Proposed Changes to Stark, Anti-Kickback Regulations
By JESSE NEIL
Last month, the Centers for Medicare & Medicaid Services (CMS) released proposed changes to the Stark Law and Federal Anti-Kickback Statute. Among the goals of the proposed changes are supporting value-based and coordinated care initiatives and modernizing the law and statute in the process.
Yet, some fear the changes will mean more compliance pains and increased financial pressure for smaller healthcare entities. The changes call for complete or partial risk on the part of providers, and while this is the type of change policymakers believe is needed to move the healthcare economy from volume-based to value-based, it could mean major challenges for some providers. Consider the following questions with regard to the proposed changes.
Will the new rules improve care?
The proposed rules call for providers and stakeholders to work together in the coordination of care, and they provide more flexibility for providers to share cost savings and develop innovative risk-sharing models.
Under current Stark Law, physicians are banned from referring patients to facilities in which they have a financial stake unless a specific exception applies. The proposed changes to the law would expand the activities that can meet an exception in order to protect legitimate value-based arrangements from penalties.
Additionally, the changes put an emphasis on cybersecurity resources and technology and set out rules regarding when it is appropriate to donate cybersecurity technology. As described by CMS Administrator Seema Verma in an Oct. 9 article in FierceHealthcare: "A hospital that wants to protect electronic health records and other data may be worried about providing cybersecurity software to physicians for free or reduced cost due to the Stark Law. Our proposed rule would allow for such a common-sense arrangement while ensuring physicians won't be obligated to make referrals."
Expanding the circumstances in which sharing cybersecurity resources and technology meet a safe harbor will not only improve care coordination and the sharing of health data now, but should also benefit the industry down the road.
Are the changes worth the added complexity?
Yet, like any public policy, there are trade-offs. The proposed changes involve new definitions and complicated exceptions, among other things. You could argue that the changes don't take away all the burdensome rules; instead, they add more caveats that, if satisfied, may allow a provider to avoid current regulatory restrictions. It is hard to believe that the proposals won't, on balance, help stakeholders with the transition to value-based models, but only time will tell which specific proposals are the most beneficial.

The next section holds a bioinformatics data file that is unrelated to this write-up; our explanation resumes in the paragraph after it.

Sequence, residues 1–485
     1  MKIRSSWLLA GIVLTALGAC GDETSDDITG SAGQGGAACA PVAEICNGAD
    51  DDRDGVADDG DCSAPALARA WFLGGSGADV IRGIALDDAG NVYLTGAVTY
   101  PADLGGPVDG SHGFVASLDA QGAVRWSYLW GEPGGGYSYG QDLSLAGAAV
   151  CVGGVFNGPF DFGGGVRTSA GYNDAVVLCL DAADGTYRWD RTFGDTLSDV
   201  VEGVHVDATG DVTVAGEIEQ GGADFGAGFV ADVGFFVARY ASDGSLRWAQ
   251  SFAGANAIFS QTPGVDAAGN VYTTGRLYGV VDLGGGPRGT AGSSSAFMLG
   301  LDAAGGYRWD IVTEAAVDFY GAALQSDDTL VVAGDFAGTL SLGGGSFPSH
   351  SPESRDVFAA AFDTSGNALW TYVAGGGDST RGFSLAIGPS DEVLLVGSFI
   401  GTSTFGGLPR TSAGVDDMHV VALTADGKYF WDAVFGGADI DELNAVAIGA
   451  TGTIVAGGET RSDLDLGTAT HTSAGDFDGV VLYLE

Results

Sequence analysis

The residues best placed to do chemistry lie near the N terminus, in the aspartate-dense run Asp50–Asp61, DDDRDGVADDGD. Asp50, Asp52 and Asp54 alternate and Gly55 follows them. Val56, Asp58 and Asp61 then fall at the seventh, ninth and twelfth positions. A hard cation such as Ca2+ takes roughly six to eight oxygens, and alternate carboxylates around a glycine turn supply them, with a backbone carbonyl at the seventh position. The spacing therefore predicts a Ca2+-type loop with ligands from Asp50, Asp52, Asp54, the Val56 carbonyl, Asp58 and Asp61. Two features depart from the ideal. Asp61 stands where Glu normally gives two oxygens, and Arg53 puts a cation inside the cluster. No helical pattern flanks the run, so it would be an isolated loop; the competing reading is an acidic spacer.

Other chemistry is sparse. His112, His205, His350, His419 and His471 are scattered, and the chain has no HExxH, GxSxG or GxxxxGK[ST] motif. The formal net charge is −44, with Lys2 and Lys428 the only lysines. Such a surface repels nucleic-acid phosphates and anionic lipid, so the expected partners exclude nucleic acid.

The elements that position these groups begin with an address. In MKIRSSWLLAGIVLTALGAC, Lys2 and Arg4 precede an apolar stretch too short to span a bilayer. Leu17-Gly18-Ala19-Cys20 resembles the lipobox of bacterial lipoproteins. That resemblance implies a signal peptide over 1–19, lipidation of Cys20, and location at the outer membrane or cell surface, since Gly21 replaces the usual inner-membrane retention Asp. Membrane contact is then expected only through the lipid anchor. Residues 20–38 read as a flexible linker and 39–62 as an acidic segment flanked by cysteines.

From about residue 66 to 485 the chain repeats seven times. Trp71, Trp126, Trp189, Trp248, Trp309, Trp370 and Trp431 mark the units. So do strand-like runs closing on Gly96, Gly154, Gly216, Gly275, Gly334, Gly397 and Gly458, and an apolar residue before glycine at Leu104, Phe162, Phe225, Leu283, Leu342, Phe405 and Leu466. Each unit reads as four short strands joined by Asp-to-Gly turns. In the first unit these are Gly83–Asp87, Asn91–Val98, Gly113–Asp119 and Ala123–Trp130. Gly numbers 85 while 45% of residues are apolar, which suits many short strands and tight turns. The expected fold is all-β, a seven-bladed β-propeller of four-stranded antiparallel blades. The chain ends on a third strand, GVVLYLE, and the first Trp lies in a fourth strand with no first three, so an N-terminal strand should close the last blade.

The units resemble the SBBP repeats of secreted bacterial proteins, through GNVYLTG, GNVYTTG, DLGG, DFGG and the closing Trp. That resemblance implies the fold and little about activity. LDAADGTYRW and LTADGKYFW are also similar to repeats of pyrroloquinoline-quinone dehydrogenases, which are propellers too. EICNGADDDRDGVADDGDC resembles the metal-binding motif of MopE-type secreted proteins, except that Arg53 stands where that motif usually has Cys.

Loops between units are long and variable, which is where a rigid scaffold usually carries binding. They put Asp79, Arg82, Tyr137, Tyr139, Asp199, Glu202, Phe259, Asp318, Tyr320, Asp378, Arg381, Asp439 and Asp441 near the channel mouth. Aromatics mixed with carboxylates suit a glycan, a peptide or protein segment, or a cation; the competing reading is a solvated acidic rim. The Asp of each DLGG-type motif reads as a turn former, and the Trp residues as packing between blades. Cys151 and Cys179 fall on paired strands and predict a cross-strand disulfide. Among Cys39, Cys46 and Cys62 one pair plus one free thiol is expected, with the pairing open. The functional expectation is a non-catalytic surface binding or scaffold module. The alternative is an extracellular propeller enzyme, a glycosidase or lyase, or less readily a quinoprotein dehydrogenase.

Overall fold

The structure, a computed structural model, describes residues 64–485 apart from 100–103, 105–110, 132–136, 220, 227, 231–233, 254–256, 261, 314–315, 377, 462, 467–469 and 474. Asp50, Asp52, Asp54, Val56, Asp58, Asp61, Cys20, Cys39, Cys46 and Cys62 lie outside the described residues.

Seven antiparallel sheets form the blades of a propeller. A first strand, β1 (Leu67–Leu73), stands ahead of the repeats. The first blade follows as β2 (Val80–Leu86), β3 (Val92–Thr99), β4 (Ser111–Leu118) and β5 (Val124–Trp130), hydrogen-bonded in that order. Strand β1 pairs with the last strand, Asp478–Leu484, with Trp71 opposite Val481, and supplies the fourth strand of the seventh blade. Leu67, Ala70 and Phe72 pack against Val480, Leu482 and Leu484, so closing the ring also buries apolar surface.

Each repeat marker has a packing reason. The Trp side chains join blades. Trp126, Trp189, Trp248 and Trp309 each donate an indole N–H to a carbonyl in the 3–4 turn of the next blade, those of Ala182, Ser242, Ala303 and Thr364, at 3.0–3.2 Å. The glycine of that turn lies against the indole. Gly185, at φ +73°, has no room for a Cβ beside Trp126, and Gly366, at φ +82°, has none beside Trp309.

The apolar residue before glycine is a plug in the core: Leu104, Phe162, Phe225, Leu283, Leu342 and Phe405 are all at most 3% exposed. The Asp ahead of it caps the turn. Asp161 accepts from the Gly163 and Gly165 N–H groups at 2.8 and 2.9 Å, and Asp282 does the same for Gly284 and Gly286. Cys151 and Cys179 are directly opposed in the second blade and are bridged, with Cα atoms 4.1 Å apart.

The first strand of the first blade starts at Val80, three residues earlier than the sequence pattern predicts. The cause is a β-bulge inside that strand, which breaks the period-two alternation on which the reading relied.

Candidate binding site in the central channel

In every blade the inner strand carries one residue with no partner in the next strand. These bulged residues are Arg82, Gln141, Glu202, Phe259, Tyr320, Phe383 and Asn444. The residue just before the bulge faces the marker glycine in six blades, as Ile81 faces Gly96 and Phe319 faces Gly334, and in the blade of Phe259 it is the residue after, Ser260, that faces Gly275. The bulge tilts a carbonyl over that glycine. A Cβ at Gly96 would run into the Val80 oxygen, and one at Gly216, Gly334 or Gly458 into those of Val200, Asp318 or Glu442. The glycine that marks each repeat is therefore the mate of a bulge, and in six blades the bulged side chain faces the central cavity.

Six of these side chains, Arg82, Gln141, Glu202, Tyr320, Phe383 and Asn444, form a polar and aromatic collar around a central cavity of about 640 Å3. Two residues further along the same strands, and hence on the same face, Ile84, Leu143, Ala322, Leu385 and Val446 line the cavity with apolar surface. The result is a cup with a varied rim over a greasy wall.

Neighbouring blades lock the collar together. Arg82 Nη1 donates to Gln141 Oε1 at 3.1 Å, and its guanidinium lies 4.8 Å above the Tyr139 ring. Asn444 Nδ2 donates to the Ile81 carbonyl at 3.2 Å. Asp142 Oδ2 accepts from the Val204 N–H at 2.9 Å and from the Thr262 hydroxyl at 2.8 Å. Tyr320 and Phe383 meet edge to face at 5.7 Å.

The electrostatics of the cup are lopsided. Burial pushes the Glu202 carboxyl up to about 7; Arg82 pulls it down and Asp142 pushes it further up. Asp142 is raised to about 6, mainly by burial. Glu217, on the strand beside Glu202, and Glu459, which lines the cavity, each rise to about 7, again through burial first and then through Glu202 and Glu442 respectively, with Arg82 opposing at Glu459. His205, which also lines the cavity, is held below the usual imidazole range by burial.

Are providers really prepared to make the leap?
The new rules call for providers to ultimately take on substantially more financial risk in these value-based arrangements. However, full financial risk requires a good deal more in upfront investment, and the nuances of the risk assessment changes have yet to be clarified.
Downside risk could be a barrier for smaller healthcare entities. It will be a challenge for small and medium-size providers to assemble and deploy the infrastructure and expertise to make the shift to managing downside risk. For smaller, regional players, it's going to be harder to take advantage of the proposed flexibility.
If a provider goes fully at risk, the provider will have to invest in a wide range of assets. The providers who have a lot of resources, lawyers, big data and highly-trained technical professionals will continue to succeed, but it will be a pretty significant burden for rural providers or single-specialty providers.
In the end, these may be the exact things the government is trying to incentivize providers to invest in, and at some point cost/benefit analysis will compel practically all providers to make these investments to one degree or another.
Though policymakers say the goal of the proposed changes is to simplify the system, there will always be winners and losers. Providers and stakeholders should carefully review these changes to see how the proposed rules could impact their interests.
CMS is allowing for a 75-day comment period, ending 5 pm on Dec. 31, 2019. Go online to NashvilleMedicalNews.com for links to the proposed changes to the Stark Law and Anti-Kickback Statute.
Jesse Neil is a veteran healthcare attorney at Waller, a top-10 national healthcare law firm. His depth of knowledge and experience helps clients bridge the complex worlds of healthcare operations and public policy. Prior to joining Waller, he served as in-house counsel at Community Health Systems and previously served as assistant attorney general for the Office of the Tennessee Attorney General where he led investigations into healthcare entities and pharmaceutical companies with respect to compliance with fraud and abuse statutes. For more information, go to wallerlaw.com.